DROWNing in weak crypto

DROWN Attack

Until 2000, restrictions were placed on cryptographic products developed in the US. Throughout the Cold War, encryption technology (techniques, equipment, and software) was classified as “Materials and Miscellaneous Articles” on the United States Munitions List. The¬†Coordinating Committee for Multilateral Export Controls,¬†or CoCom, set limits on exactly how secure cryptography developed in the US could be if it would be used outside the states, as they would with missiles or other military technology.

CoCom’s solution was export-grade keys. Typically, cryptography combines keys with random numbers to create a pattern that can be applied to data. The encrypted data looks like jumbled garbage, but when the key and numbers are applied again, it reverts back to its original form. In general, the longer a key is, the harder it is to crack. CoCom mandated that exported algorithms could only support keys up to a certain length, enabling anyone with a supercomputer (namely governments) to crack them.

DROWN (Decrypting RSA with Obsolete and Weakened eNcryption) is an attack against SSL v2. SSL v2 is now 21-year-old ciphersuite that was retired a year after release due to numerous flaws. If you were paying attention to that first paragraph, you’ll remember that CoCom was still regulating cryptography then. It’s common for servers keep older ciphersuites enabled for backwards compatibility with old devices, or because administrators don’t know any better. As a result, many web services are still supporting weak export-grade cryptography. Researchers disclosed DROWN on March 1. At that time, roughly a third of all sites supporting encrypted traffic were vulnerable (kudos to Stevens’ IT department for quickly fixing the vulnerability on our sites).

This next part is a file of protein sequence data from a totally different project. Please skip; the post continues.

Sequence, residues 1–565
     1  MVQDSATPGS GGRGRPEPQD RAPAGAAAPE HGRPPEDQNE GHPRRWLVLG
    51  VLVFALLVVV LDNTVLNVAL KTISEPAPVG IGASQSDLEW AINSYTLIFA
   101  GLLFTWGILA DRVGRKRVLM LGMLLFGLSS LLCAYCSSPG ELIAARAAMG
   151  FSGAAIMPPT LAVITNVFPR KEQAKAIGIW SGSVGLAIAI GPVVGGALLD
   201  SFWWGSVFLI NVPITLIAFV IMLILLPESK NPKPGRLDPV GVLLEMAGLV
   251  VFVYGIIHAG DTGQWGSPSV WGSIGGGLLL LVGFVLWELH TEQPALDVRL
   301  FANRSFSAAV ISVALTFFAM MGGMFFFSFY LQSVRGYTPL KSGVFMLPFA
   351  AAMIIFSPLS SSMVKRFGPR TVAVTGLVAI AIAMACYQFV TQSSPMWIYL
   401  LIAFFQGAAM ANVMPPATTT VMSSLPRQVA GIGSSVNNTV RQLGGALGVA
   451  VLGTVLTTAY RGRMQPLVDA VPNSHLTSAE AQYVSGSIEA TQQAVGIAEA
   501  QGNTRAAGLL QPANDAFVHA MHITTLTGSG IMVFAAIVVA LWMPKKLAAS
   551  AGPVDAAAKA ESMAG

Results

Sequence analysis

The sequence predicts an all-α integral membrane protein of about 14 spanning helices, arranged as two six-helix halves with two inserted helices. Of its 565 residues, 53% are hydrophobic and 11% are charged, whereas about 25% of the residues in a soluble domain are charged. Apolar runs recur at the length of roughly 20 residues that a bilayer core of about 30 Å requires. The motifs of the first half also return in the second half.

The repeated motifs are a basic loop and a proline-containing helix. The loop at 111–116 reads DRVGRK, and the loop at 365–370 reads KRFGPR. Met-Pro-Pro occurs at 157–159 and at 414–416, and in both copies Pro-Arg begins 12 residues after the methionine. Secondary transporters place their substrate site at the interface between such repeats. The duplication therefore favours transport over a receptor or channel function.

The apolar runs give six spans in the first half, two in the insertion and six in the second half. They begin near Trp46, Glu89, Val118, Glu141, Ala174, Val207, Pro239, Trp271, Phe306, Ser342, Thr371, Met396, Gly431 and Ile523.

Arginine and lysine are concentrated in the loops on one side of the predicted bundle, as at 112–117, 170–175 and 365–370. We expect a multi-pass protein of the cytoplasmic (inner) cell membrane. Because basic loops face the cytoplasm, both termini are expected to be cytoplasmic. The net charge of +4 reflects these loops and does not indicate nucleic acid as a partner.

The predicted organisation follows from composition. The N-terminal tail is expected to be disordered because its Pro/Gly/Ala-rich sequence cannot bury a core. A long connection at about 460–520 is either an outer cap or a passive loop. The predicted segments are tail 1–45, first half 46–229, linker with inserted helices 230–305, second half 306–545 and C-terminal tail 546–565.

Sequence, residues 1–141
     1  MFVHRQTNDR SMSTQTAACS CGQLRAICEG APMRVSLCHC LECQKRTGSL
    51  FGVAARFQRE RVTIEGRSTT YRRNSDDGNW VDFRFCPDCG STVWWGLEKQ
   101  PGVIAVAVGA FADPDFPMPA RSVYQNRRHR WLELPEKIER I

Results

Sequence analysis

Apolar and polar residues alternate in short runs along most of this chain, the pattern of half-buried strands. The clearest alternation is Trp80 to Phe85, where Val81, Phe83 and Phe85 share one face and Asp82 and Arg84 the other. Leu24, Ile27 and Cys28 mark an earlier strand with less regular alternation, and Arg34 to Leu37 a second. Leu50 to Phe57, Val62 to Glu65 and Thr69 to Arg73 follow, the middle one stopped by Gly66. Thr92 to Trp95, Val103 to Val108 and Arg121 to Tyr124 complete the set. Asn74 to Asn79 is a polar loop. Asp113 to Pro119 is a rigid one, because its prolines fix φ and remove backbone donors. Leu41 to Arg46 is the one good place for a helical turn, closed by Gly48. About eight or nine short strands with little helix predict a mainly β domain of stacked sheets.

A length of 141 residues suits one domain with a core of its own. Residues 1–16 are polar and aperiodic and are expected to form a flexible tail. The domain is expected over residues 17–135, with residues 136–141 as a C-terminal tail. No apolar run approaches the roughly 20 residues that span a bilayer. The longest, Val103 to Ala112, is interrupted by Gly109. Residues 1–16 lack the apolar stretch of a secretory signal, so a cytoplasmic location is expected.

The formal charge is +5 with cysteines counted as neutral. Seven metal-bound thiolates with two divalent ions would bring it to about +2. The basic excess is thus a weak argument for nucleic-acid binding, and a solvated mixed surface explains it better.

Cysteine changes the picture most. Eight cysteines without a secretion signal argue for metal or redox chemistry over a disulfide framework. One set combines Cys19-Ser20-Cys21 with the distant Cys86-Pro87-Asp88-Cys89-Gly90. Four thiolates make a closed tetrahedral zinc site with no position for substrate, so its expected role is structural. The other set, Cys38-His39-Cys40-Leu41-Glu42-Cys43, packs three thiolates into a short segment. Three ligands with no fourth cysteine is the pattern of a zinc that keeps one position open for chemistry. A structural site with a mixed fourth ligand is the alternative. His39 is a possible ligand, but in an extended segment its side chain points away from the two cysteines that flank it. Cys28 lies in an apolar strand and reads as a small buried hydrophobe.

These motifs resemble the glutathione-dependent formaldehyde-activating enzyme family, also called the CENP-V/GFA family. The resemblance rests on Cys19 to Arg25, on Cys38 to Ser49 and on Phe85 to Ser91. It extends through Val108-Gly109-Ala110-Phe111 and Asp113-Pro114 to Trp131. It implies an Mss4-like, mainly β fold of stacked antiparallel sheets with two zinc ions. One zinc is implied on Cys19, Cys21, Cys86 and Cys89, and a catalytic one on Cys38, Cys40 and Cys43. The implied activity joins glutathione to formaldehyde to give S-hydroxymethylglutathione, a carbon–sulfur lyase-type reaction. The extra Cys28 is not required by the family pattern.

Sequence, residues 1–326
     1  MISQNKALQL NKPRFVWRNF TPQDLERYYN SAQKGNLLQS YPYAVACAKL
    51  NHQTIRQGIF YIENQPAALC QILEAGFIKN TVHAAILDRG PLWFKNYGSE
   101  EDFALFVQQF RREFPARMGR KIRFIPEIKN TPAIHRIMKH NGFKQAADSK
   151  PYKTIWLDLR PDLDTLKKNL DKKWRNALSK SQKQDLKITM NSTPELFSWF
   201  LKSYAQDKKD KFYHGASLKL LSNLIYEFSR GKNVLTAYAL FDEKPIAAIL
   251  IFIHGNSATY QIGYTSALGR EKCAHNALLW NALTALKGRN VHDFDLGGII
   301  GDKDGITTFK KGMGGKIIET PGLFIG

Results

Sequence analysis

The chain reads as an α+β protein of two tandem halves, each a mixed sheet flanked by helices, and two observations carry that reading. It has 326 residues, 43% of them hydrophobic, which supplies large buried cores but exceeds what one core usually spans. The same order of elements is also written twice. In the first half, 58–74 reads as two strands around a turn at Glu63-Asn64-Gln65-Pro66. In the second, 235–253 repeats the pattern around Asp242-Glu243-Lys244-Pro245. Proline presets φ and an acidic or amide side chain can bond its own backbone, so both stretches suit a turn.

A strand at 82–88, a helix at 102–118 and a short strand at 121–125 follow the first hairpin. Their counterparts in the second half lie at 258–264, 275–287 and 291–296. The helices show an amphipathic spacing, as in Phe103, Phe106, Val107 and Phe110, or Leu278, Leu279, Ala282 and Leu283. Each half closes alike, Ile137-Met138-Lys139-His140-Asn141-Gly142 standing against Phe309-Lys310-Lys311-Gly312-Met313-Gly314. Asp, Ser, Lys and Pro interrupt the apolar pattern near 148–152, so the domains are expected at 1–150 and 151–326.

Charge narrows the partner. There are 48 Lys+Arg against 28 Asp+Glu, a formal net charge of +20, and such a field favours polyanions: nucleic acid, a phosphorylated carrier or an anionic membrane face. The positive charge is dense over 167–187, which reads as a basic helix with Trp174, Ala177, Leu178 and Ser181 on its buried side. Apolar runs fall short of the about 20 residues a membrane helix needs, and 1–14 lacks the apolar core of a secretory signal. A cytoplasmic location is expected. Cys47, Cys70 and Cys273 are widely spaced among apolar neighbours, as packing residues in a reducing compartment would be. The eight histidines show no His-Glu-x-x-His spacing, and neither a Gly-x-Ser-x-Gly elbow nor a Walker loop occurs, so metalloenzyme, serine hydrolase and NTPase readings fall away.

DROWN is hardly the first attack taking advantage of export-grade cryptography. Attacks like last year’s FREAK are made possible by crypto designed to be broken. DROWN and FREAK should be warning signs to lawmakers currently considering cryptography regulation and bans: weakening our security will not improve our safety in the long run.